2017 ORS 419B.839¹
Required and discretionary summons

(1) Summons in proceedings to establish jurisdiction under ORS 419B.100 (Jurisdiction) must be served on:

(a) The parents of the child without regard to who has legal or physical custody of the child;

(b) The legal guardian of the child;

(c) A putative father of the child who satisfies the criteria set out in ORS 419B.875 (Parties to proceedings) (1)(a)(C), except as provided in subsection (4) of this section;

(d) A putative father of the child if notice of the initiation of filiation or parentage proceedings was on file with the Center for Health Statistics of the Oregon Health Authority prior to the initiation of the juvenile court proceedings, except as provided in subsection (4) of this section;

(e) The person who has physical custody of the child, if the child is not in the physical custody of a parent; and

(f) The child, if the child is 12 years of age or older.

(2) If it appears to the court that the welfare of the child or of the public requires that the child immediately be taken into custody, the court may indorse an order on the summons directing the officer serving it to take the child into custody.

(3) Summons may be issued requiring the appearance of any person whose presence the court deems necessary.

(4) Summons under subsection (1) of this section is not required to be given to a putative father whom a court of competent jurisdiction has found not to be the child’s legal parent or who has filed a petition for filiation that was dismissed if no appeal from the judgment or order is pending.

(5) If a guardian ad litem has been appointed for a parent under ORS 419B.231 (Appointment), a copy of a summons served on the parent under this section must be provided to the guardian ad litem. [2001 c.622 §13; 2003 c.205 §9; 2005 c.160 §3; 2005 c.450 §6; 2009 c.595 §365; 2017 c.651 §43]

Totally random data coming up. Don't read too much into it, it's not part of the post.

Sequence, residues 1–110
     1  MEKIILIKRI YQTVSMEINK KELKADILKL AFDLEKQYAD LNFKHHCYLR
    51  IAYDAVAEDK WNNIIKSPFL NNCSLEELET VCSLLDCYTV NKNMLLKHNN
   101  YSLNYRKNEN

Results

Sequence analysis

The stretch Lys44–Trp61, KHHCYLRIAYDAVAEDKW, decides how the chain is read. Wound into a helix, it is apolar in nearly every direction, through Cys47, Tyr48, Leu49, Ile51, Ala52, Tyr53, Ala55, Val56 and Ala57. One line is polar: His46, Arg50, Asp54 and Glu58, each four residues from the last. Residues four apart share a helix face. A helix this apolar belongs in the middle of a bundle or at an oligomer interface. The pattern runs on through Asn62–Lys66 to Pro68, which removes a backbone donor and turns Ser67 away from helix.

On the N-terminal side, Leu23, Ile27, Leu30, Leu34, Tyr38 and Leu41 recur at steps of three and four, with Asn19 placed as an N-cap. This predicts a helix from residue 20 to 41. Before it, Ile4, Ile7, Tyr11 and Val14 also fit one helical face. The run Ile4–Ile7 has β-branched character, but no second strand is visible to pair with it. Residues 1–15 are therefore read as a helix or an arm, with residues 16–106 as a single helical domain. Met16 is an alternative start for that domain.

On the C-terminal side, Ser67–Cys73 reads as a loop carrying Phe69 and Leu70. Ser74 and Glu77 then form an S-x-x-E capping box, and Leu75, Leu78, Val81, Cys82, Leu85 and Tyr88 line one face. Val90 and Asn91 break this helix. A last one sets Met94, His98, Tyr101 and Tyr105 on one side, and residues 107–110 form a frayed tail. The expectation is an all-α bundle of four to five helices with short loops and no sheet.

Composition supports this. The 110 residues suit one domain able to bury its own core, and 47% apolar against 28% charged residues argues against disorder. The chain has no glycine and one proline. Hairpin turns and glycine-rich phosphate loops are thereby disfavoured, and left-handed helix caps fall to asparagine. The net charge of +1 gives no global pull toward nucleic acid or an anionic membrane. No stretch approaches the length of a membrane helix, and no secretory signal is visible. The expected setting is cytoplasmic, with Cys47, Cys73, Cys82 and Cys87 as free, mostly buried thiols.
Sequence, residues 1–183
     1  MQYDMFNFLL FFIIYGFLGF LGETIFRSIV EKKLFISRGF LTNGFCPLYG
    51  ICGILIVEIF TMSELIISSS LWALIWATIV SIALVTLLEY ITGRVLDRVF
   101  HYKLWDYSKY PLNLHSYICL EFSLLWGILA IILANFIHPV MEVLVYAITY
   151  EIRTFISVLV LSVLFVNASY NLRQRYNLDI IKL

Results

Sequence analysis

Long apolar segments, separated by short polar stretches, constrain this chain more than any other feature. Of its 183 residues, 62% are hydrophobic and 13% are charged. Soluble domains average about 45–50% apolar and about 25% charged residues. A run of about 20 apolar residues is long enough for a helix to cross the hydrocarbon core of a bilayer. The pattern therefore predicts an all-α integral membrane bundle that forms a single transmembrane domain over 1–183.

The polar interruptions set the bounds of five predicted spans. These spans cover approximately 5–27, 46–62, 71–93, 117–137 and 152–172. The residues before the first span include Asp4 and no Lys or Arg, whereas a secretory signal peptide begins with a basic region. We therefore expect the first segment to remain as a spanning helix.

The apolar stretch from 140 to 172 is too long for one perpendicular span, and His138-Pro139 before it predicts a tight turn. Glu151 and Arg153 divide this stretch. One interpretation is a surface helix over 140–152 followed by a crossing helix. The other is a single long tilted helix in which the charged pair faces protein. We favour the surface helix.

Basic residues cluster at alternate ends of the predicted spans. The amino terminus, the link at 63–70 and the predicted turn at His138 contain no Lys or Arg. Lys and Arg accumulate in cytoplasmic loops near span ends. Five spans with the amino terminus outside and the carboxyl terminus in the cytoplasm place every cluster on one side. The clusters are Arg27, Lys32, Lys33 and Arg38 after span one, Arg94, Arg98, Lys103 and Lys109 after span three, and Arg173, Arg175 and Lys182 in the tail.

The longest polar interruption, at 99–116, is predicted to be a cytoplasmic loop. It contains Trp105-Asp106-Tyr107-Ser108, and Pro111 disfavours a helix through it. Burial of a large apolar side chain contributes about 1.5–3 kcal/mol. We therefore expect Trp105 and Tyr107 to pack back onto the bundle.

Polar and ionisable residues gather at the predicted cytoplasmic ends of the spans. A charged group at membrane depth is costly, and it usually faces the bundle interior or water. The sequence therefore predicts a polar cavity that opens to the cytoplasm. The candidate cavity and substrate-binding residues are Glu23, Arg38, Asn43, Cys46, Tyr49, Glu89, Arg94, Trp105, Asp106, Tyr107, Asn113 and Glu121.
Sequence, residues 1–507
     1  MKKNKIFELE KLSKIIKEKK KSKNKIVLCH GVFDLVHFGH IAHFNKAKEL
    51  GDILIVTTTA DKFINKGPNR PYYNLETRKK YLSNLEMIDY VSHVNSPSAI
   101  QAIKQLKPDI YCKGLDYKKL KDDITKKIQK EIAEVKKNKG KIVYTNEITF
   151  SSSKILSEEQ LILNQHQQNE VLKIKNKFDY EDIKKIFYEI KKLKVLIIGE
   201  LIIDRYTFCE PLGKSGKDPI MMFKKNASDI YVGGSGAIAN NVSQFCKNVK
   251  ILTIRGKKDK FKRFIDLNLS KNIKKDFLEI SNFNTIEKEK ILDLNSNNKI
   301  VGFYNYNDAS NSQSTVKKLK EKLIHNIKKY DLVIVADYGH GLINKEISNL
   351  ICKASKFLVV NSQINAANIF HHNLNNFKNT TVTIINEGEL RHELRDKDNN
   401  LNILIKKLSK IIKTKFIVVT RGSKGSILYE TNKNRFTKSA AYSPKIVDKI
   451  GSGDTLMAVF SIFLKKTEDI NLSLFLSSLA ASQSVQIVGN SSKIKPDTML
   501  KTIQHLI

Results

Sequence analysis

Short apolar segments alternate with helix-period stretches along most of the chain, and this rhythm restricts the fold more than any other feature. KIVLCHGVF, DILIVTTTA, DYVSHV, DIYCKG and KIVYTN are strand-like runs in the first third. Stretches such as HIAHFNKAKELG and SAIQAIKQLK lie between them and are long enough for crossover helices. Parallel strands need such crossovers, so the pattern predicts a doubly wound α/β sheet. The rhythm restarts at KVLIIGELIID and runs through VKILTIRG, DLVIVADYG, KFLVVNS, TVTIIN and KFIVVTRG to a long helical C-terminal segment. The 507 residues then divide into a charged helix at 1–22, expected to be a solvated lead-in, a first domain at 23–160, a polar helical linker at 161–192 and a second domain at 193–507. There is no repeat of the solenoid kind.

Notes of Decisions

Under Former Similar Statutes

Due process does not require the appoint­ment of “independent counsel” to represent the child in every adop­tion or termina­tion of parental rights pro­ceed­ing. F. v. C., 24 Or App 601, 547 P2d 175 (1976)

When sec­ond termina­tion of parental rights pro­ceed­ing was not itself barred, proof was not limited by res judicata or collateral estoppel principles to facts or evidence which was not considered in or which came in to being after first pro­ceed­ing. State ex rel Juvenile Dept. v. Newman, 49 Or App 221, 619 P2d 901 (1980), Sup Ct review denied

Chapter 419B

Notes of Decisions

Due process rights of parents are al­ways implicated in construc­tion and applica­tion of pro­vi­sions of this chapter. Depart­ment of Human Services v. J.R.F., 351 Or 570, 273 P3d 87 (2012)

1 Legislative Counsel Committee, CHAPTER 419B—Juvenile Code: Dependency, https://­www.­oregonlegislature.­gov/­bills_laws/­ors/­ors419B.­html (2017) (last ac­cessed Mar. 30, 2018).
2 Legislative Counsel Committee, Annotations to the Oregon Revised Stat­utes, Cumulative Supplement - 2017, Chapter 419B, https://­www.­oregonlegislature.­gov/­bills_laws/­ors/­ano419B.­html (2017) (last ac­cessed Mar. 30, 2018).
3 OregonLaws.org assembles these lists by analyzing references between Sections. Each listed item refers back to the current Section in its own text. The result reveals relationships in the code that may not have otherwise been apparent.